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Revista chilena de historia natural

Print version ISSN 0716-078X


VILLACIDE, JOSÉ M  and  CORLEY, JUAN C. The role of stand composition on pre-dispersal seed predation in Austrocedrus chilensis (Cupressaceae) in north west Patagonia. Rev. chil. hist. nat. [online]. 2008, vol.81, n.3, pp.387-393. ISSN 0716-078X.

We studied the variability of pre-dispersal seed predation by insects on Austrocedrus chilensis (Cupressaceae). This is a dioecious conifer endemic to southern South America (central Chile and the Chilean Argentinean Patagonia) that grows naturally in pure and mixed stands, typically in association with broadleaved Nothofagus species. Seeds are attacked while still inside the cones, mainly by larvae of Nanodacna austrocedrella (Lepidoptera: Elachistidae). Our working hypothesis was that observed variations in pre-dispersal seed damage levels were related to forest stand composition, specifically to the relative abundance of A. chilensis versus accompanying Nothofagus species. We compared seed predation levels in six pairs of sites using a block design which included a mixed and a pure stand for each paired site. At each site, we manually collected 50 closed seed cones from each of five neighbouring adult trees of A. chilensis. Pre-dispersal seed damage was highly variable among trees and sites, with values ranging between 16.7 to 73.0 % of seeds damaged. We found significant differences in predation rates among stands differing in canopy composition. In mixed stands, with Nothofagus, the proportion of seeds attacked was always greater than that observed in the paired pure A. chilensis stand. We showed that canopy composition influenced the level of pre-dispersal seed predation by insects, supporting the hypothesis that damage increases in mixed stands. Our study is the first to present data on variations of pre-dispersal seed predation in A. chilensis at a large spatial scale, examining the effects of forest type. This information may be useful in planning for commercial A. chilensis seed harvesting, as well as for the conservation this endemic conifer.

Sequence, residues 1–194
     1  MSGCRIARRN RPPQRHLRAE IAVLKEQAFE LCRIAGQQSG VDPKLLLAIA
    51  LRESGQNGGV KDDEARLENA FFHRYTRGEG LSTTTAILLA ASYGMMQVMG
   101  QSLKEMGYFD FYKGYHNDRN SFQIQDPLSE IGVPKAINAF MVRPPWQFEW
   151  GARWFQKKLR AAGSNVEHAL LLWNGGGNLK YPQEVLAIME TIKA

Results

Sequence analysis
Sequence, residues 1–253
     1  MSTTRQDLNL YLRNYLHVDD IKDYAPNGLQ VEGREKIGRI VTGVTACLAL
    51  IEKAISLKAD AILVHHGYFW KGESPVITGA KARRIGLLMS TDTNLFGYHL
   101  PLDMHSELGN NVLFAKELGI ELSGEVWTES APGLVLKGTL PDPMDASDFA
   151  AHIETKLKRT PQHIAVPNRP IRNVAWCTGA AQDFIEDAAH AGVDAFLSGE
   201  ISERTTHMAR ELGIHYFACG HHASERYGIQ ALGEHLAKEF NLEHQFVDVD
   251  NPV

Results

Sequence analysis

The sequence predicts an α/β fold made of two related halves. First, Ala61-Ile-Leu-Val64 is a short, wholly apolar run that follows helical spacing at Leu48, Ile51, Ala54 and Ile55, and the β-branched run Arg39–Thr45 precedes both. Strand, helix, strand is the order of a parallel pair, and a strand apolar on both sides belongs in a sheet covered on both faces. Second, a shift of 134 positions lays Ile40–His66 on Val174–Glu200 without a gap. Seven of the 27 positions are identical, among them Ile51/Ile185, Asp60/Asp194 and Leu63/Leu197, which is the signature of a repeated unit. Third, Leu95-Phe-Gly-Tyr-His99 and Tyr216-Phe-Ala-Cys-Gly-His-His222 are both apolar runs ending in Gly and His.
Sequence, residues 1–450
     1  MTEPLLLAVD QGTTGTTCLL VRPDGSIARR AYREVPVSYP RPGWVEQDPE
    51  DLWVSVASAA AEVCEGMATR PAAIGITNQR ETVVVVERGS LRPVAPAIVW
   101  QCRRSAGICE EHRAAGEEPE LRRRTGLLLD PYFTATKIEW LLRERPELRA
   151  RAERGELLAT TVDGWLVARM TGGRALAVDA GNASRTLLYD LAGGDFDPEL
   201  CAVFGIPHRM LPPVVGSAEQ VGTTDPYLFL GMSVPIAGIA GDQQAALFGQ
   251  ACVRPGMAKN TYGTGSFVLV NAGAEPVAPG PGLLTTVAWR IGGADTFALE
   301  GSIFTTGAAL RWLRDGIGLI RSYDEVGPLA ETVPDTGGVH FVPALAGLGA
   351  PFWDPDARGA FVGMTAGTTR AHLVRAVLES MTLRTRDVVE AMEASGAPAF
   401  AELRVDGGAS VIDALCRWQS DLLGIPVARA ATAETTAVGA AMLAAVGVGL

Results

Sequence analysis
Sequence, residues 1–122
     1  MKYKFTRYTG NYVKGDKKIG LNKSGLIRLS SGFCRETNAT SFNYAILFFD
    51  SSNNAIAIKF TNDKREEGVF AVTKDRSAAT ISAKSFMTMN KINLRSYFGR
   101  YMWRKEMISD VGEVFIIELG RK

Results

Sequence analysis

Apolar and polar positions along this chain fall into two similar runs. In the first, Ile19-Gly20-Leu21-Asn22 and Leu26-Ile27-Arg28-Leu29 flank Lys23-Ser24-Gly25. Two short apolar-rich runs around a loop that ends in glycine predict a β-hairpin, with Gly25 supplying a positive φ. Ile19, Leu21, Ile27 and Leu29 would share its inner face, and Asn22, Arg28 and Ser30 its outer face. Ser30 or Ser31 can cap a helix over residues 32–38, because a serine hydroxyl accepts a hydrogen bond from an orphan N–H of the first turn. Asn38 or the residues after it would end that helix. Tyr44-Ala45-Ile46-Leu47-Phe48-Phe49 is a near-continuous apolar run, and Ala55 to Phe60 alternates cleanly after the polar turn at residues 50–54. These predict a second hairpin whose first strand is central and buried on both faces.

Keywords : Cupressaceae; insect herbivory; associational susceptibility; associational damage; Nanodacna austrocedrella.

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